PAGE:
A wide variety of supports may be used with the invention. In one aspect, supports are rigid solids that have a surface, preferably a substantially planar surface so that single molecules to be interrogated are in the same plane. The latter feature permits efficient signal collection by detection optics, for example. In another aspect, solid supports of the invention are nonporous, particularly when random arrays of single molecules are analyzed by hybridization reactions requiring small volumes. Suitable solid support materials include materials such as glass, polyacrylamide-coated glass, ceramics, silica, silicon, quartz, various plastics, and the like. In one aspect, the area of a planar surface may be in the range of from 0.5 to 4 cm2. In one aspect, the solid support is glass or quartz, such as a microscope slide, having a surface that is uniformly silanized. This may be accomplished using conventional protocols, e.g. acid treatment followed by immersion in a solution of 3-glycidoxypropyl trimethoxysilane, N,N-diisopropylethylamine, and anhydrous xylene (8:1:24 v/v) at 80° C., which forms an epoxysilanized surface. e.g. Beattie et a (1995), Molecular Biotechnology, 4: 213. Such a surface is readily treated to permit end-attachment of capture oligonucleotides, e.g. by providing capture oligonucleotides with a 3′ or 5′ triethylene glycol phosphoryl spacer (see Beattie et al, cited above) prior to application to the surface. Many other protocols may be used for adding reactive functionalites to glass and other surfaces, as evidenced by the disclosure in Beaucage (cited above).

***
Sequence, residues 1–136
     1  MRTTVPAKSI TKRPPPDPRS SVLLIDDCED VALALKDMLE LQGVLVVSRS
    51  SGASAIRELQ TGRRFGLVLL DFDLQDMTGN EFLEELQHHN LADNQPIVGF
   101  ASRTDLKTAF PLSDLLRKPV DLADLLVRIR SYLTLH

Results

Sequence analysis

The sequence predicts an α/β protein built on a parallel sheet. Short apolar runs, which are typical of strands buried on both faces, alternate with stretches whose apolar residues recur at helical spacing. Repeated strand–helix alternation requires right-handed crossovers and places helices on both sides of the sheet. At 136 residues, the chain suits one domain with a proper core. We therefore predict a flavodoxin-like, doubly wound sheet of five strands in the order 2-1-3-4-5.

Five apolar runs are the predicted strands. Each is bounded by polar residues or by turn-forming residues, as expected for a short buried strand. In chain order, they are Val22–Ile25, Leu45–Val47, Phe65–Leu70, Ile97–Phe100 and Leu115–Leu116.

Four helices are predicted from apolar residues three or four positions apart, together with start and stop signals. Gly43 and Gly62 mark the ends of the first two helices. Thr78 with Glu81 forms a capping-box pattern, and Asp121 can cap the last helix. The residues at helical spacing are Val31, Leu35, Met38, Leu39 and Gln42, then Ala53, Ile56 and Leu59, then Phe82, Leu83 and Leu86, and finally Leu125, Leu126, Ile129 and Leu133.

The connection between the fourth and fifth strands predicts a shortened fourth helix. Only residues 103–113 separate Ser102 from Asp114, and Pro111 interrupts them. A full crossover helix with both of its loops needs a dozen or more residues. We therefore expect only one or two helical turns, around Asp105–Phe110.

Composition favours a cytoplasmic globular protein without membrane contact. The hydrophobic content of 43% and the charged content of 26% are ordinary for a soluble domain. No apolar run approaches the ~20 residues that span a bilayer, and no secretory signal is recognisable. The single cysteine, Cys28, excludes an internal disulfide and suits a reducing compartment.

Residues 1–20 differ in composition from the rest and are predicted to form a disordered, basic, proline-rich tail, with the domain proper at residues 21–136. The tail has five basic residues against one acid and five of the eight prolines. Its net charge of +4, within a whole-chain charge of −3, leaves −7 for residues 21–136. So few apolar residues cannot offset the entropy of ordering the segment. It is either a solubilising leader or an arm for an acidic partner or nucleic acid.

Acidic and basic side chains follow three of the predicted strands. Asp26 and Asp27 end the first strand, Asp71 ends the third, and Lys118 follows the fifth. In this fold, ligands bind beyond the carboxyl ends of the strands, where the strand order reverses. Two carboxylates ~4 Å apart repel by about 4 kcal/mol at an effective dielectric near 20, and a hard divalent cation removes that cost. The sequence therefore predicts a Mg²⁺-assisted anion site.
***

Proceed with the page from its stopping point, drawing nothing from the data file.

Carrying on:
Whenever enzymatic processing is not required, capture oligonucleotides may comprise non-natural nucleosidic units and/or linkages that confer favorable properties, such as increased duplex stability; such compounds include, but not limited to, peptide nucleic acids (PNAs), locked nucleic acids (LNA), oligonucleotide N3′→P5′ phosphoramidates, oligo-2′-O-alkylribonucleotides, and the like.
In embodiments of the invention in which patterns of discrete spaced apart regions are required, photolithography, electron beam lithography, nano imprint lithography, and nano printing may be used to generate such patterns on a wide variety of surfaces, e.g. Pirrung et al, U.S. Pat. No. 5,143,854; Fodor et al, U.S. Pat. No. 5,774,305; Guo, (2004) Journal of Physics D: Applied Physics, 37: R123-141; which are incorporated herein by reference.